I'm quite glad someone already implemented it and I didn't have to reinvent the wheel here. So, let's try and rewrite the code using returns.result.Result: 19: from returns.result import safe 20: 21: @safe22: def parse_entry(entry: str) -> Highlight: 23: groups = 24: r'(? P<title>.*)$\n. Is not required for packages in Python 3.3+ Structuring Your Project — The Hitchhiker's Guide to Python. By “structure” we mean the decisions you make concerning how your project best meets its objective.

Structuring Your Project — The Hitchhiker's Guide to Python

We need to consider how to best leverage Python’s features to create clean, effective code. In practical terms, “structure” means making clean code whose logic and dependencies are clear as well as how the files and folders are organized in the filesystem. Which functions should go into which modules? How does data flow through the project? What features and functions can be grouped together and isolated? How You Can Benefit from Type Hints. How I Learned Python – r y x, r. Every once in a while, people ask me for my recommendations on how to learn Python.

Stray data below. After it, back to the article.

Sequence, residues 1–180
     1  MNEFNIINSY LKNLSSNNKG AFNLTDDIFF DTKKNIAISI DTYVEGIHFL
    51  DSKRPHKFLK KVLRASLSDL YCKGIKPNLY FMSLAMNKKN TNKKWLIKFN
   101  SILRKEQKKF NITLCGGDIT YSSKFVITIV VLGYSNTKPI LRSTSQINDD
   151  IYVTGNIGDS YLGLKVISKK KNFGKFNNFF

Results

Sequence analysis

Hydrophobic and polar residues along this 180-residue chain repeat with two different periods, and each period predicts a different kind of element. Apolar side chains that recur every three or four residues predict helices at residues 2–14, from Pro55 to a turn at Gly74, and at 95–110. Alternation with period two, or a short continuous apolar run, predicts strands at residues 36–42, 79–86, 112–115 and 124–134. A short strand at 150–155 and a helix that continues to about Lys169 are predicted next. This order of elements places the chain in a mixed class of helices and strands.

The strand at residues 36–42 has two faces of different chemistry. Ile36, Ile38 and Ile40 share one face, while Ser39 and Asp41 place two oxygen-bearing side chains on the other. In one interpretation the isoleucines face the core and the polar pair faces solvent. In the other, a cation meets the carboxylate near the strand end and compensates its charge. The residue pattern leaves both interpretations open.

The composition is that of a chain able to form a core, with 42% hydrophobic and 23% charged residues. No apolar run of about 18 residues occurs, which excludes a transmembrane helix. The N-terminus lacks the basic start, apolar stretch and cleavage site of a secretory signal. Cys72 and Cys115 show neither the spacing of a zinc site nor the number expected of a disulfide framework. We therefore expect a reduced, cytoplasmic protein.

I don’t think I’m a good source for this because I learned computer science in high school, dabbled in statistical coding (Stata and Matlab), and got back into “real”programming through Python. This is a much different path than someone who is going from nothing or Excel into Python. All that said, I’d rather not constantly type out variations of the same thing over and over again, so this post will serve as my go-to link when someone asks me the question.